Read Remark Book Review - The Portable Veblen by Elizabeth McKenzie

Book Review: The Portable Veblen by Elizabeth McKenzie

One-sentence summary:
Veblen, a squirrel-loving woman who’s more than a wee bit off center, feels ambiguous about her impending wedding to Paul.

The Portable Veblen goes off the rails a bit at the end. But then again, it’s off the rails pretty much from the beginning. Sometimes it works, sometimes it’s a bit much.

Generally, I like that about a book. If you’ve read Christopher Moore or Tom Robbins, you can appreciate a cast of quirky characters who don’t live by societal norms. It’s fun to fall into an almost alternate universe, where straight lines become curlicues and weirdos are heroes.

For some reason, it’s a little less organic here. Veblen’s constant conversations with the squirrel seemed a little forced and not as precious as I think they’re supposed to be. It seems more a portrait of Veblen surrendering to the undertow of insanity that’s been threatening to pull her under for some time.

The supporting characters are infuriating. Their quirkiness isn’t off-kilter and endearing. It’s irresponsible and selfish. The author does a good job of giving them some redeeming qualities at the very end, but wow, are they unlikeable.

It’s always gratifying to see flawed people. Parents, included. There tends to be a stereotype that once kids are in the picture, moms are supposed to become PG-rated, khaki-wearing homebodies and dads become hard-working sources of strength and wisdom. I say phooey to that. Parents are just as multi-layered and flawed as anyone else.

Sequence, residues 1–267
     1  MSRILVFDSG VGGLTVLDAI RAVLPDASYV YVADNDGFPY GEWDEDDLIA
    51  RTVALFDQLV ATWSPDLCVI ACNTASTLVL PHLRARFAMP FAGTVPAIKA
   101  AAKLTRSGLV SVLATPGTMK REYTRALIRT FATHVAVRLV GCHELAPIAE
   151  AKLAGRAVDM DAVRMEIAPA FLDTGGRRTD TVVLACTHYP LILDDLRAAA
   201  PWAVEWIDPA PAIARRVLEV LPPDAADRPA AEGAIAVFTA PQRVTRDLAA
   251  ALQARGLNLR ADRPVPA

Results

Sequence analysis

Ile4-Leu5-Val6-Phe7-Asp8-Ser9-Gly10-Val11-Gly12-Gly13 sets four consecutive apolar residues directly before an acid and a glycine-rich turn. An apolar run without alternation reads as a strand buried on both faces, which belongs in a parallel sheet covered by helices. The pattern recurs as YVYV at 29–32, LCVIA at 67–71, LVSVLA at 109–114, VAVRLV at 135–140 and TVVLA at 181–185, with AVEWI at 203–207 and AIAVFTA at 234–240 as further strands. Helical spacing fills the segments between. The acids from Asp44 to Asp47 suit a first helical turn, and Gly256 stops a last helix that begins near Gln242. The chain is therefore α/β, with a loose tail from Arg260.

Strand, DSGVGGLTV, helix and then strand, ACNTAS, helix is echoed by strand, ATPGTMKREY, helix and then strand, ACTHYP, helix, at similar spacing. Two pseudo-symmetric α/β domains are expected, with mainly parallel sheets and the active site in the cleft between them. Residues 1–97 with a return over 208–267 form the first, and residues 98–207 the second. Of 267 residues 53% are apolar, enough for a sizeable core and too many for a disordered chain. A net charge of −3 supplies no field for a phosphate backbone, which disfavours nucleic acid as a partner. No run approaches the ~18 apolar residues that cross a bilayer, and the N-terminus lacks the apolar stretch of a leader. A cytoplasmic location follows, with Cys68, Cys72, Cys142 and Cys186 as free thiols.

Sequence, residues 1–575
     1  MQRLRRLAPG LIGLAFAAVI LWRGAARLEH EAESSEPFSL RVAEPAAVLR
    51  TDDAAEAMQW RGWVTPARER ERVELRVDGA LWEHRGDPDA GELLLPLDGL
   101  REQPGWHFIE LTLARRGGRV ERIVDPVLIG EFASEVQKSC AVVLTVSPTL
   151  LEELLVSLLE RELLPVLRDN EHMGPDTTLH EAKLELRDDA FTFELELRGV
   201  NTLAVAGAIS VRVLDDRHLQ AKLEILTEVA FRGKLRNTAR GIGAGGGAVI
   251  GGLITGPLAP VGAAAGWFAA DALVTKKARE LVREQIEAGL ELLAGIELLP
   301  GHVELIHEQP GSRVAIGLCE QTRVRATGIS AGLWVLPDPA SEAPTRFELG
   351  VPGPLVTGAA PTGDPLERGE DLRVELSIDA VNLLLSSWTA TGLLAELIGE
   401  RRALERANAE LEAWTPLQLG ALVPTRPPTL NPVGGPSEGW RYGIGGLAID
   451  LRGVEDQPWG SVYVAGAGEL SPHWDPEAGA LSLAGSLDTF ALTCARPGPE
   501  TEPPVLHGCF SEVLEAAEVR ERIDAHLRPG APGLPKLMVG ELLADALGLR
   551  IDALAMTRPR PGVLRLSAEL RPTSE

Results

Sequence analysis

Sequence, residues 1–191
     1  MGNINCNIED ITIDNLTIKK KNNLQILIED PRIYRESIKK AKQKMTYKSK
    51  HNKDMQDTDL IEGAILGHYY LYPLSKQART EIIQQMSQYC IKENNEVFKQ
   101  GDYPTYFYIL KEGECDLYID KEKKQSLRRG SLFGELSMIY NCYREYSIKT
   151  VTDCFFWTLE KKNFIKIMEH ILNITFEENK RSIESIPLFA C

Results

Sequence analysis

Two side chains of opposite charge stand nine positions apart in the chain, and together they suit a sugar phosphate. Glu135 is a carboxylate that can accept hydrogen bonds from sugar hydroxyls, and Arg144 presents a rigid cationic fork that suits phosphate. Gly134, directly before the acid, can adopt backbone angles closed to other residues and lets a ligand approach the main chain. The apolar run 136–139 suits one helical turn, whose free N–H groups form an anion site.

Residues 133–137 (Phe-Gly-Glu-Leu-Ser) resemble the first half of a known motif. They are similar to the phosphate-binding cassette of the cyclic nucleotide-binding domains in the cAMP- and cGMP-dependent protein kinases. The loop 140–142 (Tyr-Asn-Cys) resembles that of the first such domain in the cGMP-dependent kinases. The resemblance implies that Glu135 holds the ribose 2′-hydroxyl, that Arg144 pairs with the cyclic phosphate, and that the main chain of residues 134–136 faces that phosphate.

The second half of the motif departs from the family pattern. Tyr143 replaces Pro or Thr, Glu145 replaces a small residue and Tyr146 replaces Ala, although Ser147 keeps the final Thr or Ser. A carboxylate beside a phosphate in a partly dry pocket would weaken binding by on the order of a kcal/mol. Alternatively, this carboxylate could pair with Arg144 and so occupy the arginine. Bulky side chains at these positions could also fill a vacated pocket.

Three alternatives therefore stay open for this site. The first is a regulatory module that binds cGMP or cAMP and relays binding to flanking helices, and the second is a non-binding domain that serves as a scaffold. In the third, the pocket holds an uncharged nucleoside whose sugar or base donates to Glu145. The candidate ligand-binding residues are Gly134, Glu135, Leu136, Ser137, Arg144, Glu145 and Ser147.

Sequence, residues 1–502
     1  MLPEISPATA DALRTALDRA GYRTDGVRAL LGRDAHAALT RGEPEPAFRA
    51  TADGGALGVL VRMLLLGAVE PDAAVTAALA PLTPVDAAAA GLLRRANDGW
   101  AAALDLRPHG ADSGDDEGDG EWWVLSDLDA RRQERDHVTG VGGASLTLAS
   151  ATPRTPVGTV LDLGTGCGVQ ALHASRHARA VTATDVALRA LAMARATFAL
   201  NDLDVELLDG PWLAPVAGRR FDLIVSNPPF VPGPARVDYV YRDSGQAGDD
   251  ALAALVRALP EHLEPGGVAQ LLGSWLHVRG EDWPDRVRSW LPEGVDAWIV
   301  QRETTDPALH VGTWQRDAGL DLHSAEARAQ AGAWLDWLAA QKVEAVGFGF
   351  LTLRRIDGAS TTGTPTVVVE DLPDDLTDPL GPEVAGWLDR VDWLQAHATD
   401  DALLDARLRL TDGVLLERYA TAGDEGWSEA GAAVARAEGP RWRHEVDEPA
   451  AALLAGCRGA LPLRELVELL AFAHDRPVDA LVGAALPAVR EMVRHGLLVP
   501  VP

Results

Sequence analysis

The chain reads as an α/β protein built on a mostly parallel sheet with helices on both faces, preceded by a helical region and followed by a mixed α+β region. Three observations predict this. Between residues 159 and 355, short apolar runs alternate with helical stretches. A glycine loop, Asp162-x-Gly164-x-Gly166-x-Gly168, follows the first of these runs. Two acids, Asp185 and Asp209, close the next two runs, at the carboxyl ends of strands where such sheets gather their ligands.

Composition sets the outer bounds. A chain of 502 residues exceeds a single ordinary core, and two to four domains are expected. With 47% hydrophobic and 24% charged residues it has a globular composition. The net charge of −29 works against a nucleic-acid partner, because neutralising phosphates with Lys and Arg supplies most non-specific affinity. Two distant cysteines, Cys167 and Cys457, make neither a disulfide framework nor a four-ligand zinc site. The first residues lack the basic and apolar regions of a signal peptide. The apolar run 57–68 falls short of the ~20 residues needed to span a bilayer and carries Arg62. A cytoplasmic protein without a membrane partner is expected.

But The Portable Veblen seems to demonize flawed parents. Their imperfections are exaggerated and practically monstrous. It plays into that stereotype – the lack of parental khaki has turned Veblen and Paul into deeply damaged adults. Is there a parent version of madonna/whore?

The author shows Veblen and Paul in this whirling miasma of drama and feelings. But it’s difficult to see Veblen constantly accommodating and making excuses for her parents, who are just terrible.

A couple of scenes seem to exist for shock value, such as the fate of Cloris Hutmacher and a climactic scene with Paul and one of his patients.

Medical terms are strewn about willy nilly. Parts of the book are almost a medical jargon dump.

Having said all of this, The Portable Veblen is a delightful, enjoyable book. It seems like I just ripped it apart, which isn’t my intention.

It’s a cute, off-kilter story that includes all of the intricately messy complications of life and love and family.

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